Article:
From Britain’s Telegraph
Here was a young couple driving home through Hancock Park, a well-heeled suburb of mansions and manicured lawns. Lewis was a thriving film producer of 36, best known for the huge comedy hit Look Who’s Talking, starring John Travolta, and Marcy, 27, was in marketing. They’d been married five months.
Then they were T-boned in a traffic accident.
Doctors deemed his cognitive function so low it was untestable – that is, an IQ below 50. It was likely, they said, that he would have to rely on others for even the most menial of tasks for the rest of his life.
But then his recovery began. It has been a long road, littered with surgeries, and even now it isn’t over – but, today, Lewis has not only regained most of his cognitive function, he actually has an IQ as high as the one he had before the crash. He is an extraordinary medical phenomenon and gives hope to all those facing similar challenges.
Read it and hope.
Until relatively recently neuroscientists believed each part of the brain had a well-defined, unchanging role; if it was damaged there was little you could do about it, you just had to learn to live with it. But it is now widely acknowledged that the brain is more versatile than that and that, with the right sort of cognitive training, it is possible to persuade other areas of the brain to take on, at least to some extent, the tasks formerly carried out by those areas that have been damaged. More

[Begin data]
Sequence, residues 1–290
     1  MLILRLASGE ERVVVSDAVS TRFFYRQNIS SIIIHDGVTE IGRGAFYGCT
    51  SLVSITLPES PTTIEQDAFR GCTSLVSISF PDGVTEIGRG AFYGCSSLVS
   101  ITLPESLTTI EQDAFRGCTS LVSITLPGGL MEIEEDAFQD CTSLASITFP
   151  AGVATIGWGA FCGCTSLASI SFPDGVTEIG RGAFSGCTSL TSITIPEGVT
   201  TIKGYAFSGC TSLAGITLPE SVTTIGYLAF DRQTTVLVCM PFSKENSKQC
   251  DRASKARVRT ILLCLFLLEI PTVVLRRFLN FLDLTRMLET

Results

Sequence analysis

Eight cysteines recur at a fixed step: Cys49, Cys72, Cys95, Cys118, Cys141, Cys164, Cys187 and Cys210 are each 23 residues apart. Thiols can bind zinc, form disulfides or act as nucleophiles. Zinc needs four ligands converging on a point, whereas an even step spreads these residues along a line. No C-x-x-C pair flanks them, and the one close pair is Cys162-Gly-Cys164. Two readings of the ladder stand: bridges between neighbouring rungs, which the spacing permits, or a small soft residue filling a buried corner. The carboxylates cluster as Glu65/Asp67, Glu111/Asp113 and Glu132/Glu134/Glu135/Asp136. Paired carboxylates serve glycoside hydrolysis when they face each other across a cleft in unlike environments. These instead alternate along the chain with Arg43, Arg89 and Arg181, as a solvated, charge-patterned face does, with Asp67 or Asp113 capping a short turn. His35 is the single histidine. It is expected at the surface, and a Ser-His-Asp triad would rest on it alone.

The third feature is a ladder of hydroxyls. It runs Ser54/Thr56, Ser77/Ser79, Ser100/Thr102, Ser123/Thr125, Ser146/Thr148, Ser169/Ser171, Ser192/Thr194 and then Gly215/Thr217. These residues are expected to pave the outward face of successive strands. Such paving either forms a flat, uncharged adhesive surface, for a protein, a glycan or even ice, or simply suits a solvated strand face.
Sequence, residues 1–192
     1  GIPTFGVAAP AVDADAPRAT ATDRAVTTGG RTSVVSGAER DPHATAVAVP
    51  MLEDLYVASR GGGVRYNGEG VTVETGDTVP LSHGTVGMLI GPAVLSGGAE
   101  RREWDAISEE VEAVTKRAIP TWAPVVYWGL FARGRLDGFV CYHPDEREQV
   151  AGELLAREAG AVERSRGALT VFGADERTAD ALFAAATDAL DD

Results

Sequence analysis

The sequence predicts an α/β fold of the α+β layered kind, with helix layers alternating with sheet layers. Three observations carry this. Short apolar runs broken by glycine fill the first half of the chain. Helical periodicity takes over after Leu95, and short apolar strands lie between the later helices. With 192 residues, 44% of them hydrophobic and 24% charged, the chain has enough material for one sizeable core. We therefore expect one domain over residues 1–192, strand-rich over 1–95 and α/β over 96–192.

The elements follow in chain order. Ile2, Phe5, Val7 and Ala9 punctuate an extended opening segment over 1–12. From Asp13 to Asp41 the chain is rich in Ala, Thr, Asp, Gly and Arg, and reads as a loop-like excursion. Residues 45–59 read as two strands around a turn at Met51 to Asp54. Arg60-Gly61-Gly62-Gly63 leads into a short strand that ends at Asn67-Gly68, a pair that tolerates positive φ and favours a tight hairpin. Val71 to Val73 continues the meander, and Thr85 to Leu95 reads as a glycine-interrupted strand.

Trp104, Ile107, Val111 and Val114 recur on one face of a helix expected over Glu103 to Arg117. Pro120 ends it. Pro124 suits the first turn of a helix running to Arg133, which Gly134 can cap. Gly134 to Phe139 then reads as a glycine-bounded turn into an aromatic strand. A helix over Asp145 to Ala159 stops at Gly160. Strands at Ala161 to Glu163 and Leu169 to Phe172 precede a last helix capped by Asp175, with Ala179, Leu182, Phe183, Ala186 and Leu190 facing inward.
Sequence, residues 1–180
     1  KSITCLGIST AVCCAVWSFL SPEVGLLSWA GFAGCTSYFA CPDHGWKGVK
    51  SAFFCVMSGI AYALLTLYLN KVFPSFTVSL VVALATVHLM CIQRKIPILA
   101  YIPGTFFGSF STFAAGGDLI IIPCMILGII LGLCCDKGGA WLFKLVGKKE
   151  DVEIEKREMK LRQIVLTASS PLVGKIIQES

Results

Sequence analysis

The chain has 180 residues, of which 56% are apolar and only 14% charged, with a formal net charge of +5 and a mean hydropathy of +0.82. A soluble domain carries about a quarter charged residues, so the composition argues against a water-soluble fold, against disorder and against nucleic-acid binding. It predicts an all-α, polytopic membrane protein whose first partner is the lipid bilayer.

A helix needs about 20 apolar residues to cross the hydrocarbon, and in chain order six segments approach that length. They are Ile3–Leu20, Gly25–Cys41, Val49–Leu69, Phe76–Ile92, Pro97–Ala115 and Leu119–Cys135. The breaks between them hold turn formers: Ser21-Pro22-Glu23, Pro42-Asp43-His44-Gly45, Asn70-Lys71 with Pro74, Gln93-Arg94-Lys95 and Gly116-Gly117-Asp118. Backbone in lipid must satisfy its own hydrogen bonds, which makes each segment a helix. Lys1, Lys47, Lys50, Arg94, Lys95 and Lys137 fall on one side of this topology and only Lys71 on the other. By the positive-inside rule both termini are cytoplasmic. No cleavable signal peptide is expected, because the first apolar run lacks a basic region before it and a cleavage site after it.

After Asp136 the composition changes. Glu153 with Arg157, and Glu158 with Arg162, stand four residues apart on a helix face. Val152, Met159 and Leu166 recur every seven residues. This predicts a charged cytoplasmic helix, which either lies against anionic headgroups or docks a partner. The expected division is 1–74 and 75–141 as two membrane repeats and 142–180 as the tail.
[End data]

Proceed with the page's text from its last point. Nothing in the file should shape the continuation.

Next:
This recently recognized brain tendency (neuroplasticity) could become quite important in addressing dementia, a common problem for the increasing numbers of very aged people, and early life disorders like delayed development (retardation).
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